I was wrong.

Each step of my journey I have found something new and terrifying — from the venomous viper snakes sleeping outside my tent in the jungle of Borneo, to climbing to the top of an angry, smoking volcano and peering into the crater on Java. From stepping onto my first motorbike, and feeling the power course through my body as I navigated dirt tracks in Northern Laos, to witnessing the exotic long neck women in Thailand’s hill tribes.

I thought that I could make a great leap to conquer all my fears in one go; instead, traveling has made me realize that you have to face each small battle one at a time, taking tiny steps until you are at the precipice of your fear and have no choice but to jump over the edge.

Staircase to Where, Dubai Staircase to Where, Dubai © Untitled blue

Facing Your Fears

Finding the strength to do the things that terrify you isn’t easy — it’s a constant battle between the voice of reason and the demons that make your stomach do somersaults. But somehow, being so far from home, both mentally as well as physically, makes it more possible. Having already done something as unreasonable as giving up all I have ever known and owned, the voice of reason suddenly came into it’s own with a very good argument:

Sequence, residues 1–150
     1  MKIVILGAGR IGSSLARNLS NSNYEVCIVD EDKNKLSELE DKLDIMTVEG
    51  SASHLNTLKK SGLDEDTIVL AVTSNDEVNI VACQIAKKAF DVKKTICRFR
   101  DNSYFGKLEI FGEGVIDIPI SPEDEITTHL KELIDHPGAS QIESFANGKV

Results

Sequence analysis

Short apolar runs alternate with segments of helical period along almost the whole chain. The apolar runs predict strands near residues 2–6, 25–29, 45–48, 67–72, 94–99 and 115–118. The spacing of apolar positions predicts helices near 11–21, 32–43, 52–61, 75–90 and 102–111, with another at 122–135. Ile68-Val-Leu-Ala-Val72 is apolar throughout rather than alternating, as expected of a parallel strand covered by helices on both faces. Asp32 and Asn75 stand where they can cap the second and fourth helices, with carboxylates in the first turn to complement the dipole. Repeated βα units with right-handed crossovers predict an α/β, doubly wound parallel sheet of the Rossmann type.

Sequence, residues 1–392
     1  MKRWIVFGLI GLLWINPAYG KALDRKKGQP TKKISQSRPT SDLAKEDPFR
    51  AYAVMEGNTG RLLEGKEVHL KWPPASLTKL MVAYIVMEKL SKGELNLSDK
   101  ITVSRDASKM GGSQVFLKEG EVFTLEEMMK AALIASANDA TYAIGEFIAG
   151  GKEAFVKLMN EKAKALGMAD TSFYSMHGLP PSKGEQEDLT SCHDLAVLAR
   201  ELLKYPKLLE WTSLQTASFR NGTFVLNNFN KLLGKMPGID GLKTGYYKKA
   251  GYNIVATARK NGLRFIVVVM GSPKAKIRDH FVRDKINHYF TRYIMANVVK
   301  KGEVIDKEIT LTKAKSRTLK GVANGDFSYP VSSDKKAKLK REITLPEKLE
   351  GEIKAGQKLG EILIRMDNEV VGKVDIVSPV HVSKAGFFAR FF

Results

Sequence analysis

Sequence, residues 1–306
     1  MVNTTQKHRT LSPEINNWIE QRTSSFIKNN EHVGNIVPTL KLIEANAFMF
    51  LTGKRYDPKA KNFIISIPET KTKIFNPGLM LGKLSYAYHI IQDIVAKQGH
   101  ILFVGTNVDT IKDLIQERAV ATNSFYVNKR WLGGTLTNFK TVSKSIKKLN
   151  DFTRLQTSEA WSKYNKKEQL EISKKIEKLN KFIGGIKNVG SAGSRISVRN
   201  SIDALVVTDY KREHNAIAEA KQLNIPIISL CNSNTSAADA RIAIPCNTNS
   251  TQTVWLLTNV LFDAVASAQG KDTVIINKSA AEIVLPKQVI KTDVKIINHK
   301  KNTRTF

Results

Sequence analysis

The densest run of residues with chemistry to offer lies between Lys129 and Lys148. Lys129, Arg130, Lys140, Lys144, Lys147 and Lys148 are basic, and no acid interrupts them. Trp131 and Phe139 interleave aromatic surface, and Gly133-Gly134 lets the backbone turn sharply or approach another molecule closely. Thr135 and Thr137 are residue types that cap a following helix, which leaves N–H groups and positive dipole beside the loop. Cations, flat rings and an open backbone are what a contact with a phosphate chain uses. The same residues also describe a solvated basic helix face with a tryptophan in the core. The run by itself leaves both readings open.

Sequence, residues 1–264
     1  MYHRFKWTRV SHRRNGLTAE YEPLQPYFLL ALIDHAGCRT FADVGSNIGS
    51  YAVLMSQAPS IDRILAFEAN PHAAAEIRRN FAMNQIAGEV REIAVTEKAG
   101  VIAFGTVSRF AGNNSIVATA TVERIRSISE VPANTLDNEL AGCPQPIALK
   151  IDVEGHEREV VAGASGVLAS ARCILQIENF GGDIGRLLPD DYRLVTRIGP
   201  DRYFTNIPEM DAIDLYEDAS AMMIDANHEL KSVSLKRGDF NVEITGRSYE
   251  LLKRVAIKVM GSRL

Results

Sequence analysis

“Why come all this way just to watch?”

If you let it, traveling can give you the push you need to do the things you never thought you could. When you’re in the comfort zone of home, the prospect of doing something scary isn’t very tempting; you can find excuses with ease; you can tell yourself you have better things to do; you can procrastinate until opportunities wither and fade. But for me, being on the other side of the world and surrounded by the unfamiliar, taking the plunge is almost mandatory, because if I don’t, how can I justify all I have given up to be in that place, in that moment?

For some people that moment can be staring into the sky before jumping out of a plane, others feel shivers of horror down their spine when faced with eating something strange and exotic; for me, the moment was looking into the cool blue sea and quite literally diving in head first.

Seeing a Different World

Facing my fears gave me a wonderful gift. The gift of seeing fish that looked like rainbows, shimmering in an array of iridescent colors. The feeling of wonder as striped yellow and black fish swimming like tigers against the coral reef swarmed around me and giant sea turtles swam beneath my amazed eyes.